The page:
One of the most contentious issues during this month’s statewide midterm elections was that of highway tolls. Now-governor-elect Ned Lamont moved from a pro-toll position to a (possibly illegal) plan to implement heavy truck-only tolls. Businessman Republican Bob Stefanowski decried them as “just another tax.”
Stefanowski, an aloof would-be populist, sums up the opposition’s argument pretty neatly. Tolls cost people money, which means they’re basically a tax. Taxes are bad. Tolls are bad.
In line with that thinking, popular conservative Facebook meme page “ConnectiCuck Memes” has posted the following memes just in the last week in a half or so:
As for actual public opinion on the matter, a Quinnipiac poll this past August pegged public opposition to tolls in the state at 53%. In a WFSB story on the subject, one voter summed up the former camp’s position pretty neatly (emphasis mine):
Maureen Lomando drew the line in the sand long ago, and says no to tolls.
“I don’t want to pay more money. I travel every day to go to work, 60 miles a day, round trip. I have to pay tolls because I go to work?” she said.
The Waterbury commuter says the candidate who agrees with her will get her vote.
“I will vote for the one that’s not for tolls,” Lomando said.
Leaving aside the state of Connecticut’s infrastructure (bad) and need for revenue (great), it’s hard not to empathize with people like Ms. Lomando—working people already stretched thin and concerned about an additional daily expense.
But tolls aren’t the problem. Driving is.
What Driving Costs
According to NerdWallet, the average yearly cost of owning and maintaining a car driven 15,000 miles per year is $8,469. That’s over 11% of the state’s median income of about $73,000. For someone earning the per capita income of $36,775, that’s nearly a quarter of their wages, 23%. Just because they go to work.
Apart from costs to the individual, the state spends an enormous amount of money maintaining roads, highways, parking lots, and other automobile infrastructure. For example, according to a 2016 report by Strong Towns, Connecticut spent over $1.5 billion in bridge maintenance between 2010-2013, and over $1.3 billion on road and bridge capacity expansion. That’s apart from spending on road maintenance and repair at the municipal level. Meanwhile, the Department of Transportation estimates that tolls could collect more than $1 billion per year.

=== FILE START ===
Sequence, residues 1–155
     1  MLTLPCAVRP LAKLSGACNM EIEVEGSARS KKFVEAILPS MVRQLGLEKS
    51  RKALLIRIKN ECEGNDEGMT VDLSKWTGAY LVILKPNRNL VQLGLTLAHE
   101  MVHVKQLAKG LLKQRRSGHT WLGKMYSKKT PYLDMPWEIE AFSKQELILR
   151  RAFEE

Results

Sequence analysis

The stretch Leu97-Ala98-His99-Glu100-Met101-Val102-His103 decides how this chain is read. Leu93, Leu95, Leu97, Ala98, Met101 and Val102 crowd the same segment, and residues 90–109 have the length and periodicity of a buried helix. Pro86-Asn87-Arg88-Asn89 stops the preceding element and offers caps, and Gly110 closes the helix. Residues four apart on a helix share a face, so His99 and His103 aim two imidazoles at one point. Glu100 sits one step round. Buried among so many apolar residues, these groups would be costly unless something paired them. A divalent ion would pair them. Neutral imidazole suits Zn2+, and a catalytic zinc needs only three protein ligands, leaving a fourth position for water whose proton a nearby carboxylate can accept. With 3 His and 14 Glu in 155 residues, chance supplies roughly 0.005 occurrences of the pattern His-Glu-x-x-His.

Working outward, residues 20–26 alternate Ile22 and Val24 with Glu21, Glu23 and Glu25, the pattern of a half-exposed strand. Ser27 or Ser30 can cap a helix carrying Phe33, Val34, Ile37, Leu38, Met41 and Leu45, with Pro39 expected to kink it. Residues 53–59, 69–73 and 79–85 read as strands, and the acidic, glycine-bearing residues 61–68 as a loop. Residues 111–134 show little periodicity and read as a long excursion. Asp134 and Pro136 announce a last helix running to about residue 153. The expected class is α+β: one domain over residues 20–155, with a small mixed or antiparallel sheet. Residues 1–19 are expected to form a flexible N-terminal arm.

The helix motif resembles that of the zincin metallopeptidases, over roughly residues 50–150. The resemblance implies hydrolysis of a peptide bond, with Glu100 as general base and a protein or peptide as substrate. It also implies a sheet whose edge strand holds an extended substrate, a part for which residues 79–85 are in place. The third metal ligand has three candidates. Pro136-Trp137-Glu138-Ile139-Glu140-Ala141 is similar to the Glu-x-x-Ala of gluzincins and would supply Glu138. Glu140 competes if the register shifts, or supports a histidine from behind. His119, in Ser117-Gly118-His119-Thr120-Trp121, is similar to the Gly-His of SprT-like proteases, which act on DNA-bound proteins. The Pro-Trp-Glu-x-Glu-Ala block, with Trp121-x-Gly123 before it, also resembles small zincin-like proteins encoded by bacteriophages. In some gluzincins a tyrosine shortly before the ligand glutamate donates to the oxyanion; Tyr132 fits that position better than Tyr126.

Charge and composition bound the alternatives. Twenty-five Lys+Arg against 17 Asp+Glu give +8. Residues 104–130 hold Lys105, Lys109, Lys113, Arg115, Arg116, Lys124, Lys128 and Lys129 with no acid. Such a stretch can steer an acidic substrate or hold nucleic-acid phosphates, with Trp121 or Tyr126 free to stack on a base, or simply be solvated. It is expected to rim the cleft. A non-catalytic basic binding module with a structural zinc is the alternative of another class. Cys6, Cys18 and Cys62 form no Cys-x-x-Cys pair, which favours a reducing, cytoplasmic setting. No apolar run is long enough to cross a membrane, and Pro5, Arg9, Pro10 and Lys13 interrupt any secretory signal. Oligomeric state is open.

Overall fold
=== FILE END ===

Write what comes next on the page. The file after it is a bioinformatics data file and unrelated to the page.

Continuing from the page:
The yearly cost of tolls for a commuter like Maureen Lomando, according to the Hartford Courant? $571.20—about a 6% increase in the average cost of relying on a car to commute.
Nothing to sneeze at, especially for those on a tight budget, but compared to the overall public and personal costs of driving and maintaining roads, it’s not the existential outrage that opponents have portrayed.
Where We’re Going we Don’t Need Roads
Connecticut residents are right to be angry about the high cost of transportation in the state. But tolls aren’t the boogeyman, and stopping them won’t make driving any cheaper than it already is.
(Incidentally, it’s worth remembering that fossil fuels are a finite resource, and gas is never going to be significantly cheaper than it is now. Gas prices are only going to go up, period.)
If we want to bring down the cost of getting to work every morning, and if we want to keep it from rising beyond what people can comfortable afford, the solution is effective public transportation and urban infrastructure/zoning that supports cycling and walking.